Europe! Europe! Europe!
“As a consequence, the largest and most promising global m-payment initiatives are currently launched outside Europe,” according to the EC document. “Apple, Google and Visa have all announced major efforts to enter the mPayment business.”
At the same time, multiple national initiatives about mobile payment emerge in Europe: countries as diverse as Poland, the UK, Turkey, the Netherlands, France are setting up national frameworks for mobile payments, generally put together by an association of mobile network operators and financial institution, with some national government support.
Some of these national initiatives are undergoing European scrutiny on issues such as “has a group of British telcos the right to propose a common payment system without the participation of a player?” or “are the Dutch banks and MNOs breaking competition rules when they set up a mobile payment consortium?”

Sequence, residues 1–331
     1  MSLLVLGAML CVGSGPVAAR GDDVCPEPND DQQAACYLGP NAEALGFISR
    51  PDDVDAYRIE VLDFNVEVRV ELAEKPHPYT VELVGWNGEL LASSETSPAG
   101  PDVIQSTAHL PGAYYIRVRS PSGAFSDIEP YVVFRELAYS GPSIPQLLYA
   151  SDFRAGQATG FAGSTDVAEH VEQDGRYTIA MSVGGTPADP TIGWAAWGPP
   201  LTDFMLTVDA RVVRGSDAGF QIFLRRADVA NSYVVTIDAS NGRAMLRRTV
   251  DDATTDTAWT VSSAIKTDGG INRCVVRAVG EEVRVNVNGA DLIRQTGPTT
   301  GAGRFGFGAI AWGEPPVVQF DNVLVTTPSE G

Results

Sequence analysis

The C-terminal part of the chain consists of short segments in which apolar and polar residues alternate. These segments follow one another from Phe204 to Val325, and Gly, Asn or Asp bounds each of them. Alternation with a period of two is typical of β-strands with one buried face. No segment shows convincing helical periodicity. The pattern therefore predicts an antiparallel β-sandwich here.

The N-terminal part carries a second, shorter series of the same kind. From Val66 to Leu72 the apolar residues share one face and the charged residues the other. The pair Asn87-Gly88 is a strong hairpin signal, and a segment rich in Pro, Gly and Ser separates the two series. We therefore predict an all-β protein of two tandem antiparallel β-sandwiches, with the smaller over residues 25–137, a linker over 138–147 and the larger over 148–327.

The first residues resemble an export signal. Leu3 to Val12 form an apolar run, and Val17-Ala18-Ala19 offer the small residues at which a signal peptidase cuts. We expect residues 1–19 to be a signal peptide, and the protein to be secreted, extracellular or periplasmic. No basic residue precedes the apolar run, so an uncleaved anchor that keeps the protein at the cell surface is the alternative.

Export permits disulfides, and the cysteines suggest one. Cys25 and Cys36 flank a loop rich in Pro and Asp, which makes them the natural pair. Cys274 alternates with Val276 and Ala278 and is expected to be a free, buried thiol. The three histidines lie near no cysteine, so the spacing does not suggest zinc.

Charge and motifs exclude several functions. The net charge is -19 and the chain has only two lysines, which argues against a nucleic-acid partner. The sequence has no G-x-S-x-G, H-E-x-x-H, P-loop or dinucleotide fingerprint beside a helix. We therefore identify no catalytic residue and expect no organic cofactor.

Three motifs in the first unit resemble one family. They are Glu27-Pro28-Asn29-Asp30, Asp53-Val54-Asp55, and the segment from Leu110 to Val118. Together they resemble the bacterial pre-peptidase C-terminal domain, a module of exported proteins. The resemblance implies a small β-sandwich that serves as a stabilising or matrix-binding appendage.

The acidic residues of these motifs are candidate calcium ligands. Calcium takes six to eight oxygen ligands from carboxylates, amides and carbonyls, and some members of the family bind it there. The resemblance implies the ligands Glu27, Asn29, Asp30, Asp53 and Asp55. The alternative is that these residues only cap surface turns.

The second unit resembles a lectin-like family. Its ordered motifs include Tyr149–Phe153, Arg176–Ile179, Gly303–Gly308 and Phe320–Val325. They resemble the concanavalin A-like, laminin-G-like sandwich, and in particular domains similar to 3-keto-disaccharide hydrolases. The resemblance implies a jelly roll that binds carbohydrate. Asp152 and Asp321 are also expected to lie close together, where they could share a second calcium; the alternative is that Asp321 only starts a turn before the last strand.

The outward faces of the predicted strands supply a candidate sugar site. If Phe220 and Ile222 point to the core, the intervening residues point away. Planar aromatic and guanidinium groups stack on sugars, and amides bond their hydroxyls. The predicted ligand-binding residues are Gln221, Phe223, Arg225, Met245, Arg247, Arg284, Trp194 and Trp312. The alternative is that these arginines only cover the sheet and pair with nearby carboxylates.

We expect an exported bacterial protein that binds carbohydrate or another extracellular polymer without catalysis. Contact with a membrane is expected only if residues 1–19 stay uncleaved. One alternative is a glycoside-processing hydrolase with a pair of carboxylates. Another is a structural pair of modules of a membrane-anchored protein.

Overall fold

The risk of fragmentation in Europe, if a puzzle of national payment schemes consolidates, is the emergence of incompatibility and security issues. When the common European currency is threatened, and SEPA for cards is on a sidetrack, there is an urgent need for a call from Brussels for a common European specification and infrastructure to guarantee interoperability and consistence with the common currency.